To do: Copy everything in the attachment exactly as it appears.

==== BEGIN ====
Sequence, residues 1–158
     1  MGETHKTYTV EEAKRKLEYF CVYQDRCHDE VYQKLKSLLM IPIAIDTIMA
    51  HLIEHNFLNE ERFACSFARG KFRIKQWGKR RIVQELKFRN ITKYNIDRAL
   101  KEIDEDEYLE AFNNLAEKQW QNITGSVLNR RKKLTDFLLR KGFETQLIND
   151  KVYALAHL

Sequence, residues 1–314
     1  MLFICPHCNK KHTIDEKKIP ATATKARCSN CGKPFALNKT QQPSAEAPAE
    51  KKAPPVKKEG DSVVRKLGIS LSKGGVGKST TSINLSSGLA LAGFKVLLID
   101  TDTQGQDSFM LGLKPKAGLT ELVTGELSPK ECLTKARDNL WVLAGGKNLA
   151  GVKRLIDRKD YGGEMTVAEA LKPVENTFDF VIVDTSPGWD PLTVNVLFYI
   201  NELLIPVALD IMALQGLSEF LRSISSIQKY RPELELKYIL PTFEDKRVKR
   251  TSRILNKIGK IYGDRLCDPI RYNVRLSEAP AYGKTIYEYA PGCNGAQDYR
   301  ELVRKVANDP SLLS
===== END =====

Sequence, residues 1–158
     1  MGETHKTYTV EEAKRKLEYF CVYQDRCHDE VYQKLKSLLM IPIAIDTIMA
    51  HLIEHNFLNE ERFACSFARG KFRIKQWGKR RIVQELKFRN ITKYNIDRAL
   101  KEIDEDEYLE AFNNLAEKQW QNITGSVLNR RKKLTDFLLR KGFETQLIND
   151  KVYALAHL

Sequence, residues 1–314
     1  MLFICPHCNK KHTIDEKKIP ATATKARCSN CGKPFALNKT QQPSAEAPAE
    51  KKAPPVKKEG DSVVRKLGIS LSKGGVGKST TSINLSSGLA LAGFKVLLID
   101  TDTQGQDSFM LGLKPKAGLT ELVTGELSPK ECLTKARDNL WVLAGGKNLA
   151  GVKRLIDRKD YGGEMTVAEA LKPVENTFDF VIVDTSPGWD PLTVNVLFYI
   201  NELLIPVALD IMALQGLSEF LRSISSIQKY RPELELKYIL PTFEDKRVKR
   251  TSRILNKIGK IYGDRLCDPI RYNVRLSEAP AYGKTIYEYA PGCNGAQDYR
   301  ELVRKVANDP SLLS